Cultural Apathy: The #1 Killer of the African American Mothers and Infants

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Chenoa Dickson
Brittany Morgan
Olivia Mack
Rosalind Moore

Abstract

By Chenoa Dickson, Nursing; Brittany Morgan, Nursing; Olivia Mack, Nursing


Advisor: Rosalind Moore


Abstract: Peripartum black women are dying at an alarming rate in the United States, however, there is not nearly as high of a mortality rate for black women in other countries. Black women in the United States are more than two and a half times more likely to die of a pregnancy-related condition than white women. These problems can be reflected in the accessibility of healthcare and treatment of black women during the prenatal, intrapartum, and postpartum periods. A lot of these problems boil down to the lack of education healthcare providers have on the culture of African American women, which results in a lack of communication and uncomfortable women. The purpose of our educational project is to educate healthcare providers on the culture nd needs of African American women, resulting in a holisitc patient-centered care. We created an educational session presented to healthcare providers at Mercy Fairfield's Birthing Center on what African American women complained of most, what they expected from healthcare providers, and wht they enjoyed from the peripartum experience. At the end of the educational project, we gave the participants a questionnaire to evaluate the success of the project in education the healthcare providers on new knowledge of peripartum African American women.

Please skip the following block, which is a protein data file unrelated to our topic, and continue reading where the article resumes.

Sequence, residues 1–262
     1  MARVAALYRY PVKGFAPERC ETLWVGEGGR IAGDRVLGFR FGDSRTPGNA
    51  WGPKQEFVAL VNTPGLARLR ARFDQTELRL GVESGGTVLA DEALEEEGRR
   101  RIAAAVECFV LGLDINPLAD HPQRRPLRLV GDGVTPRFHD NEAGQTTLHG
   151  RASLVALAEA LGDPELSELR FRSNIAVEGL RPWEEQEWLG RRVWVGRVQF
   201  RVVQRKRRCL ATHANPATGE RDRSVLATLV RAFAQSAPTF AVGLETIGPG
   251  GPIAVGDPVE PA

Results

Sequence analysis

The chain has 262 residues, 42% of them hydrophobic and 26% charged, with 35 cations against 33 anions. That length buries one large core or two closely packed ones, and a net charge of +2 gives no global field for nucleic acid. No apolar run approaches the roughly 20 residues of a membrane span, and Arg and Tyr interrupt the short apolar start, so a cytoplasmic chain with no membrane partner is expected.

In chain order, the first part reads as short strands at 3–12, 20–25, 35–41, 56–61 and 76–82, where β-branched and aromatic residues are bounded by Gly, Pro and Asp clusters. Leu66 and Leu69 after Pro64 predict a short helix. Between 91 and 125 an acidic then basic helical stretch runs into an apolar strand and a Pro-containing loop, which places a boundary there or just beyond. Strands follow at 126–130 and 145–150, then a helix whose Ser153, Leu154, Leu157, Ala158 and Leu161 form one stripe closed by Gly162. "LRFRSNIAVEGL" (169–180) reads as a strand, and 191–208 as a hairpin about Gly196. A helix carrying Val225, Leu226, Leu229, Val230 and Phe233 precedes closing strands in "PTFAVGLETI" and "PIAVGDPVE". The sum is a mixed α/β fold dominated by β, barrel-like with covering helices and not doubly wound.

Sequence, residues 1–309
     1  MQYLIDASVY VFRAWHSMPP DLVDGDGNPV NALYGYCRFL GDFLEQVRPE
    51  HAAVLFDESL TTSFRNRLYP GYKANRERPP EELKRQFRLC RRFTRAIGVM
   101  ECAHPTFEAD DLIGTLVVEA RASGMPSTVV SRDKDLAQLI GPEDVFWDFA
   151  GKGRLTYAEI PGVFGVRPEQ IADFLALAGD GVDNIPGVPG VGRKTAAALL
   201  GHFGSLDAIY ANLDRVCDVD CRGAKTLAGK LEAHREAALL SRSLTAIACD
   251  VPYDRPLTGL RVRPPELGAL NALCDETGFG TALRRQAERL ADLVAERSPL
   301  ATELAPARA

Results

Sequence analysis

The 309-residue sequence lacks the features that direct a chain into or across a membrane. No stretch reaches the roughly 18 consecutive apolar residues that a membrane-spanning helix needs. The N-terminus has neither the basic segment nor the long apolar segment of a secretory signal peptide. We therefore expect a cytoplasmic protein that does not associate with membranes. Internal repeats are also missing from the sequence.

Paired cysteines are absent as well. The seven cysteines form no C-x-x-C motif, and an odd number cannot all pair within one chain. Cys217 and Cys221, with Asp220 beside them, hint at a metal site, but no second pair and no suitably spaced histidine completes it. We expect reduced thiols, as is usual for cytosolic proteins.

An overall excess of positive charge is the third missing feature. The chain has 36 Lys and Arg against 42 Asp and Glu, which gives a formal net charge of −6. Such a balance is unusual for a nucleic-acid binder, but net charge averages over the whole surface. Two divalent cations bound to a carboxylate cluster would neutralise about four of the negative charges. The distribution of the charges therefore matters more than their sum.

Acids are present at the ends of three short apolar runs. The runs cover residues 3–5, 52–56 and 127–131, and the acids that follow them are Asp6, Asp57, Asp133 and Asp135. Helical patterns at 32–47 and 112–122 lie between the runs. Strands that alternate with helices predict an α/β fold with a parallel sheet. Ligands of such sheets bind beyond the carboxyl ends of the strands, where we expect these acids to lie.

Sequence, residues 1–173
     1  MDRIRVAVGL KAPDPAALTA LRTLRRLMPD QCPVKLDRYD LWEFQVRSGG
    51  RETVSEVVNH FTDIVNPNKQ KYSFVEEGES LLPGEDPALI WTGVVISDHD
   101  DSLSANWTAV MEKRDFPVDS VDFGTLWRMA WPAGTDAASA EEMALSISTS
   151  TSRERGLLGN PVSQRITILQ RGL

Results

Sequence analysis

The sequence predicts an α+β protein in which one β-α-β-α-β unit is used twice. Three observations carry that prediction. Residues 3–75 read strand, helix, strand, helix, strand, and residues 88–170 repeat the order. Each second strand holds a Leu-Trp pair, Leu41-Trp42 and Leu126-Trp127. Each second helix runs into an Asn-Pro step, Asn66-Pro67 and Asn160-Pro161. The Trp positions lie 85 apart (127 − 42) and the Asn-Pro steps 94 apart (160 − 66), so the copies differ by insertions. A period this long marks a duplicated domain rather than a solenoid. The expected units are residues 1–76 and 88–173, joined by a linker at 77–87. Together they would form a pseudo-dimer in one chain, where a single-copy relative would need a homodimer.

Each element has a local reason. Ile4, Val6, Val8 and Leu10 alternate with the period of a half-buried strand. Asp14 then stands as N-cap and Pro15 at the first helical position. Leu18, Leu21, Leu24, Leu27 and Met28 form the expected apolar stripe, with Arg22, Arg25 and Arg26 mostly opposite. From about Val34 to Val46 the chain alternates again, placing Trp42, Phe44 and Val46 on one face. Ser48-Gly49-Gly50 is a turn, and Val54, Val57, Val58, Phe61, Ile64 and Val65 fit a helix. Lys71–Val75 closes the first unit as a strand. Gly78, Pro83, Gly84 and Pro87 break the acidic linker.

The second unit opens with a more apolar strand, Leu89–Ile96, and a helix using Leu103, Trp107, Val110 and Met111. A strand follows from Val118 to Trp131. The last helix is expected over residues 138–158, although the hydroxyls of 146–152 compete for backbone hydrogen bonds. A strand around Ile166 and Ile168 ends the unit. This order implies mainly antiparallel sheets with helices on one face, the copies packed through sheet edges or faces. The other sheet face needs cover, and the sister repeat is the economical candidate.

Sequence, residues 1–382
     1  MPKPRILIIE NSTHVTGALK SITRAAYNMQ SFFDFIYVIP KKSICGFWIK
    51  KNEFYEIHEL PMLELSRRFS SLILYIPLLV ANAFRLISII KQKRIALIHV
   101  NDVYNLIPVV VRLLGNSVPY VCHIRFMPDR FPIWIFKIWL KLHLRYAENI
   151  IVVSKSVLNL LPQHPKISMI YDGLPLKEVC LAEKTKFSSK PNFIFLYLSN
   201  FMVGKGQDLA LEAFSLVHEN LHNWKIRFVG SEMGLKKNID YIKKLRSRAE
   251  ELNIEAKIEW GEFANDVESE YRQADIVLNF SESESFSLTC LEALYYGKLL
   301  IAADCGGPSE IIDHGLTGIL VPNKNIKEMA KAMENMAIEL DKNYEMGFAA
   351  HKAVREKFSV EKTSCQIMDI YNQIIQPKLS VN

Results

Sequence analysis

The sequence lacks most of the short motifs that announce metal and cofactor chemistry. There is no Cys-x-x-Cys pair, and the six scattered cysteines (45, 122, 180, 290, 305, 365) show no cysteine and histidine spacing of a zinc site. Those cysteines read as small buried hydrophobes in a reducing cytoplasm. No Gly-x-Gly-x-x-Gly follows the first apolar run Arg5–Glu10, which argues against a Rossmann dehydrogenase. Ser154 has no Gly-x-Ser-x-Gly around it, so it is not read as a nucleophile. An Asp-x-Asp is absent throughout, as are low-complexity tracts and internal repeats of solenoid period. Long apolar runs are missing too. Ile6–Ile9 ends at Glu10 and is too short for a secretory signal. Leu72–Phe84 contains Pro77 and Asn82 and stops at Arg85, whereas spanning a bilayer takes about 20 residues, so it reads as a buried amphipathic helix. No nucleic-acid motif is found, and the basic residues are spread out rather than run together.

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Section
Classic Poster (9:45-11:45 AM)